Types of History of Phulkari Artwork
With imagination of each girl being different, you may even witness different designs on a particular Phulkari artwork. Though, with time, many types of Phulkaris have come into existence.
A style where the whole surface is embroidered. Numerous designs are made through horizontal, vertical and diagonal stitches. The designs are mainly inspired by what embroiderer has witnessed around them.
The designs provided by the kitchen were Mirchi (Chilly) Bagh, Gobi (Cauliflower) Bagh, Dabbi (Metal Container) Bagh, and Belan (Rolling Pin) Bagh.
The scattered work is called ‘Adha Bagh’ (half garden) whereas, the work done with white silk floss which starts in the center and then spreads to the whole fabric is called ‘Chashm-e-Bulbul’.
2. Chope and Subhar
Worn by the brides, ‘Chope’ is embroidered on both the sides of the fabric and traditionally the work is done on red colour with yellow. Here, two panels of the fabric are joined with similar patterns embroidered on both the ends. The motifs embroidered are a series of triangles pointing inwards.
It goes in step-ladder fashion with small squares and only the four sides are embroidered in fine embroidery.
‘Subhar’ on the other hand has a central motif with four motifs on the corners of the fabric.
3. Darshan Dwar
Darshan Dwar has panelled architectural design which was made as an offering. The top end and the pillars have latticed geometrical patterns.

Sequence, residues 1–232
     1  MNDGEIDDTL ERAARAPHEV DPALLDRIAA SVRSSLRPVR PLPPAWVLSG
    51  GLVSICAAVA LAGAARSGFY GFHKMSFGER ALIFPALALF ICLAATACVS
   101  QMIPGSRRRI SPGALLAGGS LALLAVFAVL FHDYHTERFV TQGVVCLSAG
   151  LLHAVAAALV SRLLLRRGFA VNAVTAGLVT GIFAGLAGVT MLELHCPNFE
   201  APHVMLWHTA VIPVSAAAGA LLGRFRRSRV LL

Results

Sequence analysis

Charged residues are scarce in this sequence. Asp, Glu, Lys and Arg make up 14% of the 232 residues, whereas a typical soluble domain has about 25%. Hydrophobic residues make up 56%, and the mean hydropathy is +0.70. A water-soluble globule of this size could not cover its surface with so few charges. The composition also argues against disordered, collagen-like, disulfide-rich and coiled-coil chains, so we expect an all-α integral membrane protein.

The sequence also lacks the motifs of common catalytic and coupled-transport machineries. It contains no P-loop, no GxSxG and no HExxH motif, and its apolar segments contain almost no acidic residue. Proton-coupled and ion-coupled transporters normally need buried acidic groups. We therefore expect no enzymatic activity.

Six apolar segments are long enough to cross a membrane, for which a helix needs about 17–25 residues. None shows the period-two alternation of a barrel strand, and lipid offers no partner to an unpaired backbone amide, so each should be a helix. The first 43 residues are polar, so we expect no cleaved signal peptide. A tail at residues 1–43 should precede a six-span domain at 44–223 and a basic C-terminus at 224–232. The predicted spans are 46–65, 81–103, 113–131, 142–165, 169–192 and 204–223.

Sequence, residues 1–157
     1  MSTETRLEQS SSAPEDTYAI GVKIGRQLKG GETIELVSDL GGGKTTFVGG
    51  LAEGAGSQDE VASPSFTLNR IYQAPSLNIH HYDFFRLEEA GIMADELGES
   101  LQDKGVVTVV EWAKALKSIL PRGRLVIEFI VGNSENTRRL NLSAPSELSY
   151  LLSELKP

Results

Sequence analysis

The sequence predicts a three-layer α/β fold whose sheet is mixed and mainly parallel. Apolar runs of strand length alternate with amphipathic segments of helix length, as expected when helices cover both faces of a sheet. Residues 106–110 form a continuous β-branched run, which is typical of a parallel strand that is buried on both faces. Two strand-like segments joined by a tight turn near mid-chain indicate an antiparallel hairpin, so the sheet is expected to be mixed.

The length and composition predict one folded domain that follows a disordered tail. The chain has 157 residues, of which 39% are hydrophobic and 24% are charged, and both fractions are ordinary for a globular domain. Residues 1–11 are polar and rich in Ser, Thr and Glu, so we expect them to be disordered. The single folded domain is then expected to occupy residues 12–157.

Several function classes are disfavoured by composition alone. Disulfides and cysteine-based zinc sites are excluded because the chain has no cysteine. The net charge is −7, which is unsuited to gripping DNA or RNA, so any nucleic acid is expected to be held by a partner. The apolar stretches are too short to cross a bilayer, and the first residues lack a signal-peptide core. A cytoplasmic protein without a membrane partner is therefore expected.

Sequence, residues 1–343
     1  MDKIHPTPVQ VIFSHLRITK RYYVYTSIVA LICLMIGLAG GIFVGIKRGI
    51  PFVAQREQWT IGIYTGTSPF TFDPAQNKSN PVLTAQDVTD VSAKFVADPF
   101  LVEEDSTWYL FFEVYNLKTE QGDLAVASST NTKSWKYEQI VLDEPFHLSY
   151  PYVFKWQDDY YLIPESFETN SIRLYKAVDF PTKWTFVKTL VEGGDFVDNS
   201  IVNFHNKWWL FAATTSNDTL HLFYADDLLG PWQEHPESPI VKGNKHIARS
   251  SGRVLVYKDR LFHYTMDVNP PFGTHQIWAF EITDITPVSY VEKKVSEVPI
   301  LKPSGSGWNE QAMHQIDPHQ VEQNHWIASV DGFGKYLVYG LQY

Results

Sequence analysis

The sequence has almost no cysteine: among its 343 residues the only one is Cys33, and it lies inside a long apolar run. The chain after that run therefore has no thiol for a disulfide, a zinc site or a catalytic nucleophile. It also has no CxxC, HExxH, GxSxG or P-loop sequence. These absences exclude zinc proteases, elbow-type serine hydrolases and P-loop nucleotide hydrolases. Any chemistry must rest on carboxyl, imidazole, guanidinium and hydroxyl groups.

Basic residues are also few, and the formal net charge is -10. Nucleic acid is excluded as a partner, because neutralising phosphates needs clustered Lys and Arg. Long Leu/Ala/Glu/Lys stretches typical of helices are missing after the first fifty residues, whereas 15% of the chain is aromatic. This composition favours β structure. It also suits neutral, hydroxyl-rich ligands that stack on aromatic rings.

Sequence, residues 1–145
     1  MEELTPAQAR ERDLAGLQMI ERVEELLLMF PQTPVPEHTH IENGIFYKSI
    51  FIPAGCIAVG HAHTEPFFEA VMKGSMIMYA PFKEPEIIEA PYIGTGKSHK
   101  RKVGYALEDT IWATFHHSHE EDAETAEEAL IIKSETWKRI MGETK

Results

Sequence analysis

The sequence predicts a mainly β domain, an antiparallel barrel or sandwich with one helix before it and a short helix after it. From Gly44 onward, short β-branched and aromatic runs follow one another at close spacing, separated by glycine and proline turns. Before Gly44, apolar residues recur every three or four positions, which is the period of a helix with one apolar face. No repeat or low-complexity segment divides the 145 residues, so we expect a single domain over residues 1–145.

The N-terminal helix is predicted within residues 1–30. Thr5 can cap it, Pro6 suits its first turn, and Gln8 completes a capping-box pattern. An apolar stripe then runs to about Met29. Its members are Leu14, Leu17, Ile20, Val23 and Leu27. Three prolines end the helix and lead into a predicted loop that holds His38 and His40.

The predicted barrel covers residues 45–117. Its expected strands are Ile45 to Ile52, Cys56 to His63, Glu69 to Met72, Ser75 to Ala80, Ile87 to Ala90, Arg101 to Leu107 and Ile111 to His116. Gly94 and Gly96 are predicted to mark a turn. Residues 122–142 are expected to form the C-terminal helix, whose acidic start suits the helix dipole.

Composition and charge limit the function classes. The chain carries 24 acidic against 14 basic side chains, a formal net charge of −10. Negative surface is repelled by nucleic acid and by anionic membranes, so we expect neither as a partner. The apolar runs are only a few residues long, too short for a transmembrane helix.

Sainchi is a type of Phulkari which draws inspiration from village life and depiction of various village scenes such as a man ploughing, guests drinking sherbet or smoking hookah, or playing chaupar. It even includes themes relating to the chores done by women such as churning milk, grinding wheat, etc.
This is the only style where the outlines are drawn using black ink. It is later filled by embroidering darn stitch. This artwork was popular in Bhatinda and Faridkot districts and was then popularised in and around Ferozepur.
Tilpatra means ‘spreading of the seeds’ and the seed used is ‘Til’ (sesame) which has a decorative embroidery.
Neelak style is made with black or red background and has yellow or bright red embroidery. The colour of the Phulkari is mixed with metals giving it a distinctive texture.
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7. Ghunghat Bhag
Ghunghat Bagh originated in Rawalpindi and is heavily embroidered around the center on the edge to be worn over the head with the center being pulled over the face forming an embroidered veil.